DS: So Brian’s the bar-tester?
CH: Yeah well we all are, everything is collaborative. For instance Brian as a producer is integral in finding the talent and locations, shooting intros and helping on set. Pavan Moondi is responsible for directing, arranging talent and even a lot of our editing. Then you have our regular collaborators: Chris Clifford, our DP, who’s responsible for how most interviews look. We have had help from Bryan Atkinson, Simone Smith and Scott Matthews as editors. There is a real collaboration at every level.
DS: It must feel somewhat vindicating to have these people volunteering their time and services simply because they have faith in the project.
CH: Yeah, absolutely. I think that a lot of people are excited when we mention what we do. I mean it is difficult and I think that’s the motif at this point is that it’s difficult to do, but it’s worth doing. It’s worth doing especially because we may have forgotten that a lot of our relationship with cinema is mediated by DVDs and the home video market so what we’ve always had is special features and what we’re doing is essentially producing special features every month. That may seem redundant but as everything moves to VOD or OTT services you don’t get those things, you don’t get that contextual content.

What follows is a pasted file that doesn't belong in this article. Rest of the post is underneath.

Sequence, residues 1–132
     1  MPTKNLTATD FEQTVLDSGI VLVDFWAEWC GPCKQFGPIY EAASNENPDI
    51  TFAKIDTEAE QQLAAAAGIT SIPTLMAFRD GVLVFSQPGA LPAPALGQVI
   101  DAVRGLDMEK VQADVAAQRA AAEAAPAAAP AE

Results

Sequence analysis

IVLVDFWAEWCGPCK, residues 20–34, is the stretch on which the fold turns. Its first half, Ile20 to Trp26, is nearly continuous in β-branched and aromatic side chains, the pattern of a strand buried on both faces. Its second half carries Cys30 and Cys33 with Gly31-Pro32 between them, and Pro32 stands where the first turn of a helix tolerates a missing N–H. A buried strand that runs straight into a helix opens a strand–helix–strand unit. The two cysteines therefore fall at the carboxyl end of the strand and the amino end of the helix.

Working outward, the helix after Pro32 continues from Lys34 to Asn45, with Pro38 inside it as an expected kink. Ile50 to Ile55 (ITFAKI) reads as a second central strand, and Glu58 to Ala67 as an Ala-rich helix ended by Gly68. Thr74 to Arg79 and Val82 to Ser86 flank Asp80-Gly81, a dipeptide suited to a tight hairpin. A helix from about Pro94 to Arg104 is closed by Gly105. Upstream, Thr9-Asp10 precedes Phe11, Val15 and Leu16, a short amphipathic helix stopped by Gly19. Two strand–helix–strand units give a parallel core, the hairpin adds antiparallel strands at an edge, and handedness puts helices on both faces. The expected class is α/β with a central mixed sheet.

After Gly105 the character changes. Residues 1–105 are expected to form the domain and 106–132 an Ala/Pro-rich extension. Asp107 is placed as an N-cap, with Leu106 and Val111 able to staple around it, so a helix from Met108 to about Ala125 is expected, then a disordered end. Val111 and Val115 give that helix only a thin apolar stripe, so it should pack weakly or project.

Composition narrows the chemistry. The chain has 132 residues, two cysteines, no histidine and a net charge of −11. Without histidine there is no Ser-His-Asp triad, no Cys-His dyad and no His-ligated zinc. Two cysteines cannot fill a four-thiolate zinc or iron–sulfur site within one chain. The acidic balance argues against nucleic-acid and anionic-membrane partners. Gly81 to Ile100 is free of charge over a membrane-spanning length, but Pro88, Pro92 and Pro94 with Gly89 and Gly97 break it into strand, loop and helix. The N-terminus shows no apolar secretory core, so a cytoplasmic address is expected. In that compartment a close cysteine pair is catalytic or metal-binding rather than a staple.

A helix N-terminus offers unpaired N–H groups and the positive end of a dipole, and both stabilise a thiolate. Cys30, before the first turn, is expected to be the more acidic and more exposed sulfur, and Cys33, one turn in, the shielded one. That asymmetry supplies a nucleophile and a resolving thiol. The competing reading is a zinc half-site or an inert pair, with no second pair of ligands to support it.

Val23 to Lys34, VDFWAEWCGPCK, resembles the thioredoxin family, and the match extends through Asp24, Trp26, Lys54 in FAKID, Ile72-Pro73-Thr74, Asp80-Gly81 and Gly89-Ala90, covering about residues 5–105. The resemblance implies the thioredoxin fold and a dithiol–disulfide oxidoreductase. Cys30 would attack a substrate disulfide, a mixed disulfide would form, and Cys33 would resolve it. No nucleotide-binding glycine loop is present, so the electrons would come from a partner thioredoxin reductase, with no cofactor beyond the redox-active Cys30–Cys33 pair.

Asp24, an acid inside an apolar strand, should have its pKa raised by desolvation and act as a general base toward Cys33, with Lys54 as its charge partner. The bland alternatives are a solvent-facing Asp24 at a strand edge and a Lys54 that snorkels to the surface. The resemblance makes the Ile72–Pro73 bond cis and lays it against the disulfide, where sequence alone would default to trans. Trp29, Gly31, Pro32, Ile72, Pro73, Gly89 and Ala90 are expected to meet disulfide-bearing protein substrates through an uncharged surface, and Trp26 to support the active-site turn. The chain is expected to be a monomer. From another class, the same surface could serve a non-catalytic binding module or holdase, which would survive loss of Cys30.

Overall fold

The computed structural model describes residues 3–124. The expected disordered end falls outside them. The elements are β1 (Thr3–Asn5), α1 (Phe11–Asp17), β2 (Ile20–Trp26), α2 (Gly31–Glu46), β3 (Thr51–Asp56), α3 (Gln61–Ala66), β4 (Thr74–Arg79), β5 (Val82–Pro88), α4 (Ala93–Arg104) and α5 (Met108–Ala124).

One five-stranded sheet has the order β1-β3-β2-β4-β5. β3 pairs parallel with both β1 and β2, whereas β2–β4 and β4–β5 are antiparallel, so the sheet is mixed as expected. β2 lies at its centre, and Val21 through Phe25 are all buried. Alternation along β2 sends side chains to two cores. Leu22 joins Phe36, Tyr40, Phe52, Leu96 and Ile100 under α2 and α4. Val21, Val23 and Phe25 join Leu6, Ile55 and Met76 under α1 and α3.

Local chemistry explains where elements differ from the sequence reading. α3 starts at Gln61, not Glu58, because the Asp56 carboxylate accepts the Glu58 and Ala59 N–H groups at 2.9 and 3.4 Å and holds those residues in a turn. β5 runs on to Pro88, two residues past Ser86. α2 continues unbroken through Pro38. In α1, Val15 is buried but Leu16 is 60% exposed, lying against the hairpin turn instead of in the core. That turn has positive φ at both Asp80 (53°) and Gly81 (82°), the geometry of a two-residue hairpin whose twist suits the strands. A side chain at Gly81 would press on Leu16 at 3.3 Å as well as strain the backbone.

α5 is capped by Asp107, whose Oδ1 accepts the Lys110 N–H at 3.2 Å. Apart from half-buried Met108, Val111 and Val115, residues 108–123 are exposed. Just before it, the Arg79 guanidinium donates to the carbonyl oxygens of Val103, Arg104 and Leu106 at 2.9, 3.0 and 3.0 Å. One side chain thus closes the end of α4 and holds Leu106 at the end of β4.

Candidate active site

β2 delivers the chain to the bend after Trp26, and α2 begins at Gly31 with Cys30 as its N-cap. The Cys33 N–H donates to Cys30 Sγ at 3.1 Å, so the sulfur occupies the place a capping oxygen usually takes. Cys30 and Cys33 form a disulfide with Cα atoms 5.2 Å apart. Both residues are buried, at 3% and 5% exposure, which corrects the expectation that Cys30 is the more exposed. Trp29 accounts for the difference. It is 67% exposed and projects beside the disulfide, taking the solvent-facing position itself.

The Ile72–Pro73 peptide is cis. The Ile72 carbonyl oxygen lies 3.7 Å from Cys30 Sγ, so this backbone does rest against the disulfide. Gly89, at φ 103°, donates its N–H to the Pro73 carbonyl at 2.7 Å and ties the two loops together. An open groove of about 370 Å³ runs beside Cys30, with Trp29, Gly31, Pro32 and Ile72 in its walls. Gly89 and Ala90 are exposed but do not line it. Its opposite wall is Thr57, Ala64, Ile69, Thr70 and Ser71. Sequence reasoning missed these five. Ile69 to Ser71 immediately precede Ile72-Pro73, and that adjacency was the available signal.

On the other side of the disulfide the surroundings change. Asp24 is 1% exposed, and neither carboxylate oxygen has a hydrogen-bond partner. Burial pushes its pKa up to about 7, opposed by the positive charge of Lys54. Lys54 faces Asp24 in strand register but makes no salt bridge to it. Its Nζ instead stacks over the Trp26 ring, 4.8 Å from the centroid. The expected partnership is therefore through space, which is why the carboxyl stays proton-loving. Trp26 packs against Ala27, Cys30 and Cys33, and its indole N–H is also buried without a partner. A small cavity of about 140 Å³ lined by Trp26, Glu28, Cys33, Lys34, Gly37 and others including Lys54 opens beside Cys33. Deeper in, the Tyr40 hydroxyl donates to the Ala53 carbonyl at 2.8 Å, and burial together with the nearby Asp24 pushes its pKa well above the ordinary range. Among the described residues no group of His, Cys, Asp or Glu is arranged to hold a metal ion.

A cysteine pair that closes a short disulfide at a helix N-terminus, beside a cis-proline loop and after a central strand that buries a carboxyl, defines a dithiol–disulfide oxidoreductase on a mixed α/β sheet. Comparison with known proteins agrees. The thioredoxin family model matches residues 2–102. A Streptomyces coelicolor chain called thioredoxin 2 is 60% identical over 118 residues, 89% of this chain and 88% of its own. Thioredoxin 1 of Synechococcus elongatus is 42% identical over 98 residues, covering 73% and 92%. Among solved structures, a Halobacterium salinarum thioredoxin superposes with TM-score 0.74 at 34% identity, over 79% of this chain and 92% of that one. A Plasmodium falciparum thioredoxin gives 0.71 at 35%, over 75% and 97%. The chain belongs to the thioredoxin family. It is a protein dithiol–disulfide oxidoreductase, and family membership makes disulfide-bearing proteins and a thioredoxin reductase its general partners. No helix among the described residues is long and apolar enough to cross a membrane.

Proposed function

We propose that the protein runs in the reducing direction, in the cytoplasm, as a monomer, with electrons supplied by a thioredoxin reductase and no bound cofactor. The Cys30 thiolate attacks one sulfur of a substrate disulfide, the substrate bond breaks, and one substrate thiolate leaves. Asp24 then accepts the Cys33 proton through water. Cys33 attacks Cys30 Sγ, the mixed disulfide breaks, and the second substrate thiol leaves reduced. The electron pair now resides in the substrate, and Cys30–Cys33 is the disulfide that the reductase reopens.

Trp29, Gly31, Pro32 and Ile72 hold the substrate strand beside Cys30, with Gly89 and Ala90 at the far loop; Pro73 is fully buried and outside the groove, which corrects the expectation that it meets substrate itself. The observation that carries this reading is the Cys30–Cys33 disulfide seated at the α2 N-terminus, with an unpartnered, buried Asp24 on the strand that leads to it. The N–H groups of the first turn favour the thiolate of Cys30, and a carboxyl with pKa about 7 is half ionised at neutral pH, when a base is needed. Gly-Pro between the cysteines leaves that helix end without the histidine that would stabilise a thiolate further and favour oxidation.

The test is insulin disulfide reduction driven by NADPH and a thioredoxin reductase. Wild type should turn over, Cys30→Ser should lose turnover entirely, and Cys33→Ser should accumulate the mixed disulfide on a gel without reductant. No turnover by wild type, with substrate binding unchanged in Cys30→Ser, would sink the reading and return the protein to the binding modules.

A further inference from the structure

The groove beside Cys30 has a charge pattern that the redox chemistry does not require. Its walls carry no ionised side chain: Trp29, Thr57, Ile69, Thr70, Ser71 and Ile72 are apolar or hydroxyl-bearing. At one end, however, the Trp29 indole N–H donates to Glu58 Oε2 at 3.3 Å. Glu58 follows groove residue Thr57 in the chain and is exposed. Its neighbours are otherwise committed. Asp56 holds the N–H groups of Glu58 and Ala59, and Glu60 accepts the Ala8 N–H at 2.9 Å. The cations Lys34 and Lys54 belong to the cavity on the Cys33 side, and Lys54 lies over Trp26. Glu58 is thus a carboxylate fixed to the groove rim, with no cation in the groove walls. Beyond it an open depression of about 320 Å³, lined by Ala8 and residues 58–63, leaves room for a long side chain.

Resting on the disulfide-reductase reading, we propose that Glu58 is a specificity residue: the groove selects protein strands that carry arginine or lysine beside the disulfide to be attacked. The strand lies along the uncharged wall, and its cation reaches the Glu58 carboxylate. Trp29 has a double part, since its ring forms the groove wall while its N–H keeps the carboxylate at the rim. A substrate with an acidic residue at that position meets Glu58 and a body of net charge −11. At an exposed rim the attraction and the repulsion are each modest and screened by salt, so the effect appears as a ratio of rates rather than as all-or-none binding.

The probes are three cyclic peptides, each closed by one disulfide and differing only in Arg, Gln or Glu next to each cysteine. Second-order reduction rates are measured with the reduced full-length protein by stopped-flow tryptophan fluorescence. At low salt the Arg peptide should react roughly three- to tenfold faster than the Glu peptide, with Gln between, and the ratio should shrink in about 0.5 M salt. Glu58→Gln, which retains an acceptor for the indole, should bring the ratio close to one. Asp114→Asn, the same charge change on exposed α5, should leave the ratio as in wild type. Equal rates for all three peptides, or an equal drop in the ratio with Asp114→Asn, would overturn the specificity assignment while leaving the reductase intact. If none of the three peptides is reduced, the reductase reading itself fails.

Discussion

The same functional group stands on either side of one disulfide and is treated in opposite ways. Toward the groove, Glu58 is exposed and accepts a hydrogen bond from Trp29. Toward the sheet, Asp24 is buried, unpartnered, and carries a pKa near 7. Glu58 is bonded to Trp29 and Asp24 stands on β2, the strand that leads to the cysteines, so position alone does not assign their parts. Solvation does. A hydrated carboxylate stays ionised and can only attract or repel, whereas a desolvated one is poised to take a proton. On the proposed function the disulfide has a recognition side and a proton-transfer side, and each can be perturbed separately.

DS: But it seems like these aren’t for people who would watch the average studio-made DVD extra features, but more for the cinephiles that seek out the more in-depth Criterion treatments.
CH: It’s true, but I think we aren’t exactly like that. I take your point about the depth of them but for instance the centrepiece interviews, I don’t think that there’s a DVD producer out there that’s ever done anything like that; having that length of an interview, not really cutting it, as far as cutting out material, and that kind of goes towards its accessibility. We do want to open it up to people who maybe don’t know about it. The other thing is when you are buying or renting a DVD you’ve presumably watched the film and liked it, whereas, because our stuff is for free online, we’re always aware that there is a portion of the audience that maybe are not familiar with the films and that this is their entry point to them.
DS: Yeah, I’m a little embarrassed to admit that I haven’t seen any Guy Maddin films… especially after watching your interview I was like ‘man I gotta get on that.’